Ziegler K.,Center for Parkinsons Disease and Movement Disorders | Schroeteler F.,Center for Parkinsons Disease and Movement Disorders | Ceballos-Baumann A.O.,Center for Parkinsons Disease and Movement Disorders | Fietzek U.M.,Center for Parkinsons Disease and Movement Disorders
Movement Disorders | Year: 2010

Festination and freezing of gait (FOG) are sudden episodic inabilities to initiate or sustain locomotion mostly experienced during the later stages of Parkinson's disease (PD) or other higher-level gait disorders. The aim of this study was to develop a clinical rating instrument for short-interval rating of festination and FOG. Foot movements of 33 patients were video taped and rated during 12 episodes in a standardized course on a four-level interval scale according to severity. Motor blocks were provoked in four situations and by three levels of dual-tasking (tasks). Addition of the item scores produced a FOG score. The assessment requires less than 15 min. The inter-rater and re-test reliability of the FOG score is high (Kendall κ = 0.85-0.92, P < 0.0001). Variability of the item scale due to situations and tasks can be attributed to unidimensional group factors (Cronbach's α 0.84 and 0.94). Group comparisons and a logistic regression model show significant effects for both situations and tasks on the item scale (Friedman test: " situation": P < 0.0001, "task": P < 0.0001). Six patients with PD have significantly different scores during mobile (practical ON; 6.2 ± 3.9) and immobile (practical OFF; 15.8 ± 4.6) medication states (P < 0.05). The FOG score correlates with the 10 m number of steps (ρ = 0.58; P = 0.001) and with the self-evaluation of FOG (ρ = 0.51; P < 0.01). Our results encourage the further use of the FOG score to evaluate festination and FOG. © 2010 Movement Disorder Society.


PubMed | TU Munich, University Hospital of Muenster, University of Lübeck and Center for Parkinsons Disease and Movement Disorders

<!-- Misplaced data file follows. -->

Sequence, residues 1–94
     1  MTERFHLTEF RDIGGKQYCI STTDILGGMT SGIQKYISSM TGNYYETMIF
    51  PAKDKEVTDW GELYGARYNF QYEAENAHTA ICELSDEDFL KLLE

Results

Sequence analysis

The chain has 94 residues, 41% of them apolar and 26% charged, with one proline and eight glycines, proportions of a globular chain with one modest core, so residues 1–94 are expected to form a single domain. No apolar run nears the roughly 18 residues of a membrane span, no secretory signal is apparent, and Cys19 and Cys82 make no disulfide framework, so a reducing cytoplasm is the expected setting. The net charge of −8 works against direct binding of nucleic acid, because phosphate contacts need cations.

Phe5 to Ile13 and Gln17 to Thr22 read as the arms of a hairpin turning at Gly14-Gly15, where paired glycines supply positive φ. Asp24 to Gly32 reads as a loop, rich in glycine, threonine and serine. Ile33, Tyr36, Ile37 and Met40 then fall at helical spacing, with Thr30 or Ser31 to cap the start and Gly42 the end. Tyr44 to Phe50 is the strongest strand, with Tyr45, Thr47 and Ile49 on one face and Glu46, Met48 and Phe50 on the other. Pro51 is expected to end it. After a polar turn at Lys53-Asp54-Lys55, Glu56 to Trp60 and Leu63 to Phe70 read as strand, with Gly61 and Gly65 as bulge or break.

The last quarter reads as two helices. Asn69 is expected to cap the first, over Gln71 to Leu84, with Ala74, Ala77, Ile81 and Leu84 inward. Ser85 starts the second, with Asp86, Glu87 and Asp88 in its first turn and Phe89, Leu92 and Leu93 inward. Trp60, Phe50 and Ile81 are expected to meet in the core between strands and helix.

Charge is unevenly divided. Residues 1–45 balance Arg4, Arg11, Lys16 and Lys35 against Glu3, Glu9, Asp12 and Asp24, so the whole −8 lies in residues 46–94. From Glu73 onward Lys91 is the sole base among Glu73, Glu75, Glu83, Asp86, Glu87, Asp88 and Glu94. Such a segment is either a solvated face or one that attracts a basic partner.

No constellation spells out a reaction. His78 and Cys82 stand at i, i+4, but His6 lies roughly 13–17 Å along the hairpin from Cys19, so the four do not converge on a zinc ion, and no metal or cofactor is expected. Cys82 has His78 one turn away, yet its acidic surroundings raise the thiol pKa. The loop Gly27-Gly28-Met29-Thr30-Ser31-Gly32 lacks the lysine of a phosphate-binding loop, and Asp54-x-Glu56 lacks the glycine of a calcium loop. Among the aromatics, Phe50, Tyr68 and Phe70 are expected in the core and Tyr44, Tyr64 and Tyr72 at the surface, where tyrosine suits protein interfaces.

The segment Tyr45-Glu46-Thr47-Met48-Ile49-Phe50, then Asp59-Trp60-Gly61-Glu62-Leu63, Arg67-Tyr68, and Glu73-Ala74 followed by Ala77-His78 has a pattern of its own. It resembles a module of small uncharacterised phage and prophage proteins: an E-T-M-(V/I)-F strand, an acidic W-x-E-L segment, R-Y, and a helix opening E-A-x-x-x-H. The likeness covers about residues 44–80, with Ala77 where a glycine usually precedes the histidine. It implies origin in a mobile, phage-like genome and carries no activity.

Type: Journal Article | Journal: Parkinsonism & related disorders | Year: 2014

Dysphagia in patients with Parkinsons disease (PD) significantly reduces quality of life and predicted lifetime. Current screening procedures are insufficiently evaluated. We aimed to develop and validate a patient-reported outcome questionnaire for early diagnosis of dysphagia in patients with PD.The two-phased project comprised the questionnaire, diagnostic scales construction (N = 105), and a validation study (N = 82). Data for the project were gathered from PD patients at a German Movement Disorder Center. For validation purposes, a clinical evaluation focusing on swallowing tests, tests of sensory reflexes, and fiberoptic endoscopic evaluation of swallowing (FEES) was performed that yielded a criteria sum score against which the results of the questionnaire were compared. Specificity and sensitivity were evaluated for the detection of noticeable dysphagia and for the risk of aspiration.The Munich Dysphagia Test - Parkinsons disease (MDT-PD) consists of 26 items that show high internal consistency ( = 0.91). For the validation study, 82 patients, aged 70.9 8.7 (mean SD), with a median Hoehn & Yahr stage of 3, were assessed. 73% of patients had dysphagia with noticeable oropharyngeal symptoms (44%) or with penetration/aspiration (29%). The criteria sum score correlated positively with the screening result (r = 0.70, p < 0.001). The MDT-PD sum score classified not noticeable dysphagia vs. risk of aspiration (noticeable dysphagia) with a sensitivity of 90% (82%) and a specificity of 86% (71%), and yielded similar results in cross-validation, respectively.MDT-PD is a valid screening tool for early diagnosis of swallowing problems and aspiration risk, as well as initial graduation of dysphagia severity in PD patients.


PubMed | Center for Parkinsons Disease and Movement Disorders
Type: Journal Article | Journal: Journal of neurology, neurosurgery, and psychiatry | Year: 2012

This review considers novels, plays and poems dealing with movement disorders in order to show the relevance in the literary context. The motifs are arranged and compared following a modern neurological nosology according to Parkinson syndromes, dystonia, myoclonus, tics, hemifacial spasm, Tourette syndrome, Huntingtons disease and hyperekplexia. There is considerable variety in how movement disorders are depicted and how much influence they have on the plot structures. Their usage ranges from a brief reference in order to accentuate aspects of a characters personality or social position, such as in Shakespeare, Dickens, Tolstoy or Galds; to truly constituting one of the plots main themes as, for example, with the representation of Lewy body disease in Franzens The Corrections and Huntingtons disease in Vonneguts Galpagos, Sawyers Frameshift or McEwans Saturday. The symbolic connotation of the disease is of major importance, as is its social and psychological impact. Some 20th century authors transfer rhythm patterns of specific movement disorders into the textual structure, including, among others, Beckett.